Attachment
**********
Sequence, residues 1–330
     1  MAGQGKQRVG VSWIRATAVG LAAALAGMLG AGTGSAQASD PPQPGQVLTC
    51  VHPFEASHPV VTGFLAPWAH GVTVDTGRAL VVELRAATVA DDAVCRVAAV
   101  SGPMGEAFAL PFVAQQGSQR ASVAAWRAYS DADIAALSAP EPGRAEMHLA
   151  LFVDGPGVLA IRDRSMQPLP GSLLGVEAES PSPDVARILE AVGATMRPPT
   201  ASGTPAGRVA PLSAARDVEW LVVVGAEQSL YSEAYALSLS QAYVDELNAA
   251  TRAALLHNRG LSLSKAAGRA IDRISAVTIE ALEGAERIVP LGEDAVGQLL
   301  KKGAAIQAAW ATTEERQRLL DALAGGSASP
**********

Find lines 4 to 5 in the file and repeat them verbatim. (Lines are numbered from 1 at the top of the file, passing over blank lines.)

   101  SGPMGEAFAL PFVAQQGSQR ASVAAWRAYS DADIAALSAP EPGRAEMHLA
   151  LFVDGPGVLA IRDRSMQPLP GSLLGVEAES PSPDVARILE AVGATMRPPT